Flu Shot or Nasal Spray – Which to Choose?
We can’t deny that viral season is upon us. My office and emergency room is filled with children and parents with runny noses, coughs, fevers and fatigue. Many worry it’s the dreaded enterovirus-68, with fear over respiratory illness requiring hospitalization. Though I am sure that many of my patients do in fact have this infection, thankfully very few are becoming ill enough to require hospital-based care.
My office and emergency room is filled with children and parents with runny noses, coughs, fevers and fatigue.
This high viral season reminds us that we should consider getting flu vaccines. Influenza has maintained a low profile so far this Fall, though no doubt it will rear it’s head in the coming month or two, as it does each year. Have you forgotten H1N1 from last year?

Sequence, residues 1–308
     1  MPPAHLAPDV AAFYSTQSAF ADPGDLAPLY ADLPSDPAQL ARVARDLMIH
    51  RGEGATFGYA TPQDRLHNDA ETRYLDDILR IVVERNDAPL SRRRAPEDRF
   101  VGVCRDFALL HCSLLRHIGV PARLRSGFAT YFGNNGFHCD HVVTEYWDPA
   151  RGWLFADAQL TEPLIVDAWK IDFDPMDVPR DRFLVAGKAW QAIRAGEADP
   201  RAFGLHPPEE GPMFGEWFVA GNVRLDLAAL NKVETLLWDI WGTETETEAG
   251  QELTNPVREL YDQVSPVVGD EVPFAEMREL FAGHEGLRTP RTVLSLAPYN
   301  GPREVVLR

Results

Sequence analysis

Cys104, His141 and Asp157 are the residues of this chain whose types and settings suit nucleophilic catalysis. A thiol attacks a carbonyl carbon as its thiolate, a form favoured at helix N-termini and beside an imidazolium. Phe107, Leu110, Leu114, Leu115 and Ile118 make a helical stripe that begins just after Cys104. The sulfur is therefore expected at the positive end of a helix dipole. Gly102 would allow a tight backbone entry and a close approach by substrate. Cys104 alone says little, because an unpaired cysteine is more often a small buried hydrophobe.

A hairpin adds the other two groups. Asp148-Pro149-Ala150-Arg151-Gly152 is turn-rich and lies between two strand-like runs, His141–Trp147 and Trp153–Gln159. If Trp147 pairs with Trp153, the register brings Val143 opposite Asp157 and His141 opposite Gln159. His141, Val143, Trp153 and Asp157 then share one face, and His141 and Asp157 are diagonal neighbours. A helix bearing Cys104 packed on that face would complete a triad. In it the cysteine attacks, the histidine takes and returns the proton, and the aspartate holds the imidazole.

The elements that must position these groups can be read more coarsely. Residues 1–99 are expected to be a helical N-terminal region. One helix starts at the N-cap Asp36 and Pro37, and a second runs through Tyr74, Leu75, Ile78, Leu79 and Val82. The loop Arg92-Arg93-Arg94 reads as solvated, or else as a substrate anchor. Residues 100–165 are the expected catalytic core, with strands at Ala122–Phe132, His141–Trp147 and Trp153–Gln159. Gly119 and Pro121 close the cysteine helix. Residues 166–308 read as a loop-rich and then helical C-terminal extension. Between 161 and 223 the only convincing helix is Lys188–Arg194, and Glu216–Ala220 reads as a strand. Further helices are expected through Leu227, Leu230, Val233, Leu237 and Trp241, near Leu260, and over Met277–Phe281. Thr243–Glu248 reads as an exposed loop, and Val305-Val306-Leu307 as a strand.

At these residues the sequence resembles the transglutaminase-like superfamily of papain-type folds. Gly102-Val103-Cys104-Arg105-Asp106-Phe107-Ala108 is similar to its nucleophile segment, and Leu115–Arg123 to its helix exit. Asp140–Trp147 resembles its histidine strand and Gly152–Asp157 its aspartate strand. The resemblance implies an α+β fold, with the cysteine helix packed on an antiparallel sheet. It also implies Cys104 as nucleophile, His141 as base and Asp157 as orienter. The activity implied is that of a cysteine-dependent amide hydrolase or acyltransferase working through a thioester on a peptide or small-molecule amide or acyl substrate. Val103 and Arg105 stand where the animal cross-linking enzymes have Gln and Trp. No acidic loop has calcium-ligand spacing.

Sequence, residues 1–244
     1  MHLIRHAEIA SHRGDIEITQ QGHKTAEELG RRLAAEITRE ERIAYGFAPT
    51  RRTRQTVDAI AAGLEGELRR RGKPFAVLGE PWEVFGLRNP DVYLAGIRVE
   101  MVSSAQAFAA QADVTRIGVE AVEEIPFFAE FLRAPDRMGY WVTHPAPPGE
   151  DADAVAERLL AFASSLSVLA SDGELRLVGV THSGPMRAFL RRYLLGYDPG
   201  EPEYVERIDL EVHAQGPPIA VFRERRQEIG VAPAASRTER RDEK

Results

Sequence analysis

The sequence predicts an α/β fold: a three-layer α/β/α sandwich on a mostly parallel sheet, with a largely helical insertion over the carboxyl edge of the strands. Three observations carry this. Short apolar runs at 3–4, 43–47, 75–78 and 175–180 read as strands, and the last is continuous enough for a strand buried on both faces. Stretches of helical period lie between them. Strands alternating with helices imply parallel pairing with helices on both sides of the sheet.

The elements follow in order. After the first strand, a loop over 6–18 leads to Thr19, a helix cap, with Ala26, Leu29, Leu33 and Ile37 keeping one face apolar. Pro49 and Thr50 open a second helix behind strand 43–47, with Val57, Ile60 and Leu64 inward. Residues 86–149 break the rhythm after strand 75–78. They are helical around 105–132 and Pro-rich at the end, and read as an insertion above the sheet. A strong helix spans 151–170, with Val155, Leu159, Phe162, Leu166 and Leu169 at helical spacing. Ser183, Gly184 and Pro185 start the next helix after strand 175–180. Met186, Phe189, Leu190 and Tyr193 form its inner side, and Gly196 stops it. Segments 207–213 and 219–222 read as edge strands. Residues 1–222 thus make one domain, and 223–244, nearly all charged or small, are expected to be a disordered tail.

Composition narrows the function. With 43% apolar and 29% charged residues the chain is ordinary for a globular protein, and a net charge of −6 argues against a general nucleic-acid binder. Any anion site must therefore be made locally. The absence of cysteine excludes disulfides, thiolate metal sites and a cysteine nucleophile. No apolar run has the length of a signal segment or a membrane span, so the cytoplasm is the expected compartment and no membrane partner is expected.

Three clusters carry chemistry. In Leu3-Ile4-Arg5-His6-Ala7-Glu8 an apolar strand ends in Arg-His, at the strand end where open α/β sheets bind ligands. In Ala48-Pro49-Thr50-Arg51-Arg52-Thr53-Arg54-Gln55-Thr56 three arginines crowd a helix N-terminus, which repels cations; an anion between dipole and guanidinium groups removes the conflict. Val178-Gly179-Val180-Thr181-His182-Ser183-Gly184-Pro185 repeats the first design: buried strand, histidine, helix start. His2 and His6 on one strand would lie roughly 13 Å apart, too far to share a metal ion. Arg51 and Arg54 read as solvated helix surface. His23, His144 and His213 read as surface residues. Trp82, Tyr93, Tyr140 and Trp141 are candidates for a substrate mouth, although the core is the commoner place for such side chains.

Have you forgotten H1N1 from last year?
In North America we now have two excellent flu vaccine options, the classic flu shot, and the lesser-known flu nasal spray. Both offer similar levels of protection, but some people are better suited for one or the other option.
Who should be vaccinated against the flu?
The Centre for Disease Control (CDC) and National Advisory Committee on Immunization (NACI) recommends that everyone six months and older get immunized against the flu, unless there is a medical reason not to. Why risk getting sick if you don’t have to?
Read the full post here.